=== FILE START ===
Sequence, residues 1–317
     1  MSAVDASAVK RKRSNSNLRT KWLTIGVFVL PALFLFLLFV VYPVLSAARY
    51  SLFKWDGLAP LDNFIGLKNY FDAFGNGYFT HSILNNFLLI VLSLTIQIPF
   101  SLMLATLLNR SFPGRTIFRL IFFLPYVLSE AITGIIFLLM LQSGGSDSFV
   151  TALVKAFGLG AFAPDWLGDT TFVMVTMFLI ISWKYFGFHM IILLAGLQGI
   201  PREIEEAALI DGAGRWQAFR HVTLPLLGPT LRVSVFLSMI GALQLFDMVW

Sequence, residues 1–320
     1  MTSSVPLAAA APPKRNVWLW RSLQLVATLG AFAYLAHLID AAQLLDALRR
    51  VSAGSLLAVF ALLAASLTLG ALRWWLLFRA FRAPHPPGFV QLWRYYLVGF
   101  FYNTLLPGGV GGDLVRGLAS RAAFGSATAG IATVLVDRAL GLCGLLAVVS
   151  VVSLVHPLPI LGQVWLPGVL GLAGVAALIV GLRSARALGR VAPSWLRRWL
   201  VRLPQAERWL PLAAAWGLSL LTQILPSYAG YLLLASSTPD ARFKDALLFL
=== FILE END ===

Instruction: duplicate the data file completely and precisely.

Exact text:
Sequence, residues 1–317
     1  MSAVDASAVK RKRSNSNLRT KWLTIGVFVL PALFLFLLFV VYPVLSAARY
    51  SLFKWDGLAP LDNFIGLKNY FDAFGNGYFT HSILNNFLLI VLSLTIQIPF
   101  SLMLATLLNR SFPGRTIFRL IFFLPYVLSE AITGIIFLLM LQSGGSDSFV
   151  TALVKAFGLG AFAPDWLGDT TFVMVTMFLI ISWKYFGFHM IILLAGLQGI
   201  PREIEEAALI DGAGRWQAFR HVTLPLLGPT LRVSVFLSMI GALQLFDMVW

Sequence, residues 1–320
     1  MTSSVPLAAA APPKRNVWLW RSLQLVATLG AFAYLAHLID AAQLLDALRR
    51  VSAGSLLAVF ALLAASLTLG ALRWWLLFRA FRAPHPPGFV QLWRYYLVGF
   101  FYNTLLPGGV GGDLVRGLAS RAAFGSATAG IATVLVDRAL GLCGLLAVVS
   151  VVSLVHPLPI LGQVWLPGVL GLAGVAALIV GLRSARALGR VAPSWLRRWL
   201  VRLPQAERWL PLAAAWGLSL LTQILPSYAG YLLLASSTPD ARFKDALLFL